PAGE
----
If you’ve ever hesitated before pulling back a shower curtain, odds are you owe that momentary fear to Alfred Hitchcock. The shower scene from Psycho is one of the most pervasive cinematic sequences we have. The new documentary 78/52 explores both the structure of that scene and audience’s lasting love affair with that fateful stabbing. After the screening at Fantastic Fest I sat down to talk with director Alexandre O. Philippe about how he made a movie about a movie.
What made you want to jump into a documentary about the shower scene?
For me, Hitchcock has always been the master. He’s the man that I’ve looked up to my entire life. I watched his movies from a very young age. I knew that one day I would make a documentary about him. But the shower scene focus just came about organically.
The way that I work, is when an idea comes up and it keeps knocking at the back of my skull, there is a point where I need to pay attention to it. So then I talked to my producers about it. Five years ago I submitted my proposal. At the time we were still working on Doc of the Dead, and we had to let the idea go for a while. But then it came time to start focusing on the next film and this one, once again, came to the surface. Then we went for it.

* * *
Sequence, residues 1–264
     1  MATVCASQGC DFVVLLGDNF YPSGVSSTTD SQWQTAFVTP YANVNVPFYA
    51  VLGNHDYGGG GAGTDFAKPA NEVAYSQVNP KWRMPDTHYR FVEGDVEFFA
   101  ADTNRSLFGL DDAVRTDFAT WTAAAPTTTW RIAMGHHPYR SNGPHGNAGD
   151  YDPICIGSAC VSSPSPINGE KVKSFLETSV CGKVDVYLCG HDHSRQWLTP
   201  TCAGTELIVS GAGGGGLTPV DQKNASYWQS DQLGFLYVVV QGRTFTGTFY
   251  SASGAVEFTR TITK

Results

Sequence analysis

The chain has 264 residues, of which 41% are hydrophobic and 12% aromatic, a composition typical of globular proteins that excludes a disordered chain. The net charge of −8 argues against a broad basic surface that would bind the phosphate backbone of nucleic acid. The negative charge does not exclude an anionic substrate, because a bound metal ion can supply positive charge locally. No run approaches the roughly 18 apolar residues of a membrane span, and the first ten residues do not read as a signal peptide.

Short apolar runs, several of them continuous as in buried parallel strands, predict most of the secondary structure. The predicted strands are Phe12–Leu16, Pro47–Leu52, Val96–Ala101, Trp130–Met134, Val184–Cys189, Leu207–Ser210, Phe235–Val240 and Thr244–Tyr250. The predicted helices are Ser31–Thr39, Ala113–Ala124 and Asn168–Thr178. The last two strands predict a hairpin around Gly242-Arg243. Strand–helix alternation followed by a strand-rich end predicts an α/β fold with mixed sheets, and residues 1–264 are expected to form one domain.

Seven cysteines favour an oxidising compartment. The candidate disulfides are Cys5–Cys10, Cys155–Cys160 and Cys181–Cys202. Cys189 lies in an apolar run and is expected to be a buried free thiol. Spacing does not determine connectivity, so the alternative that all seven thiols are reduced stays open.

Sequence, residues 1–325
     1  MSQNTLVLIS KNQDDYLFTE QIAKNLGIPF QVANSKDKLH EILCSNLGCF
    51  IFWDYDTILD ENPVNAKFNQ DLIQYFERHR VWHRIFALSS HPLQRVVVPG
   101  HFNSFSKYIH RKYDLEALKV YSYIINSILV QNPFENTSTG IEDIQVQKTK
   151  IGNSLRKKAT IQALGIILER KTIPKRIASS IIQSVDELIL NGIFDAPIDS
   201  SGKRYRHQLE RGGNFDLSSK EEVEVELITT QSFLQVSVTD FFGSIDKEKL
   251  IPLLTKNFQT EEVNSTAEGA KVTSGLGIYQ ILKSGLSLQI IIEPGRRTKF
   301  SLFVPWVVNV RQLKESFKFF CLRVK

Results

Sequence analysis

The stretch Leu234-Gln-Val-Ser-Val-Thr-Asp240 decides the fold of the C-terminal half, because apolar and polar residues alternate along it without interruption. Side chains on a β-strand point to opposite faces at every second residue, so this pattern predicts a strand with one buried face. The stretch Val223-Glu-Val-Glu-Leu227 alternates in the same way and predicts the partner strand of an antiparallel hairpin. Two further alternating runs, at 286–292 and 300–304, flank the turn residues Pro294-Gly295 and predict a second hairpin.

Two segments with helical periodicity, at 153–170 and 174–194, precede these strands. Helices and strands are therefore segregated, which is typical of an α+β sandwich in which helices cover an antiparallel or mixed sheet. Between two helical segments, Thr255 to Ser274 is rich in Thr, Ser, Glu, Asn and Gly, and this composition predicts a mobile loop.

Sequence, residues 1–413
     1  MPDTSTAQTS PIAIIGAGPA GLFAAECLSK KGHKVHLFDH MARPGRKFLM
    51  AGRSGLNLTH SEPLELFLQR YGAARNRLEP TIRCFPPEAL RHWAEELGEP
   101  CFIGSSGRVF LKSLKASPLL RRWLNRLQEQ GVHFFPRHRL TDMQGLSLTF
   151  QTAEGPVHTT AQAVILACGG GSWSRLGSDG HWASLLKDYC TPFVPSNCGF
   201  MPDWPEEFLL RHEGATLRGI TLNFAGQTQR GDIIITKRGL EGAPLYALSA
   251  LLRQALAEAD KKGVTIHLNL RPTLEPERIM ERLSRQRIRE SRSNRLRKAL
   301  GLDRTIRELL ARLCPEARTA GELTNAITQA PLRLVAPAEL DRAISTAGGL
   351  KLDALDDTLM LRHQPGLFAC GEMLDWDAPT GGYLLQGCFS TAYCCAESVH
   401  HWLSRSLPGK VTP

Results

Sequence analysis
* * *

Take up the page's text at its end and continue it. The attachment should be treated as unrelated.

Aesthetically this is a fairly stylized documentary. Did you have that vision for the film from the beginning?
The aesthetic of having everyone trapped inside the Bates Motel, watching Psycho, and we are watching them in return, came very early. That’s usually the way I work. The aesthetic of my films comes right away. Then we figure out a way to make it happen. In this particular case it was tricky because we had to shoot the opening scene at the Bates Motel. The interior of that motel is stripped, so we had to build the sets. We shot all of the interviews in front of a green screen. Some of our interviews are located inside the house, so we shot that in an old Victorian house.
The moment this aesthetic was in place, the budget of the movie tripled. For me it was worth it. It was important to create that illusion. And I’m glad that we stuck to our guns.
As you are talking about building sets and green screens, it doesn’t sound like you were shooting a typical documentary.
It’s almost like every shot in the film is either composite or animated. You also have the epic sequence with the story boards. There is a lot of heavy lifting from post-production there.
Chad Herschberger, James Durée, and the whole team at our post-production house did great work. I couldn’t be prouder of it.
Did any of your interviews for the film surprise you?
I think everything is surprising when you start delving into something like Psycho and the shower scene. People who are film buffs, filmmakers, and cinephiles themselves bring up references that are really surprising. I never thought I would talk about early Val Lewton, or Irreversible, or Ghost. Some of these movies you feel may have no connection whatsoever with the shower scene, yet they do.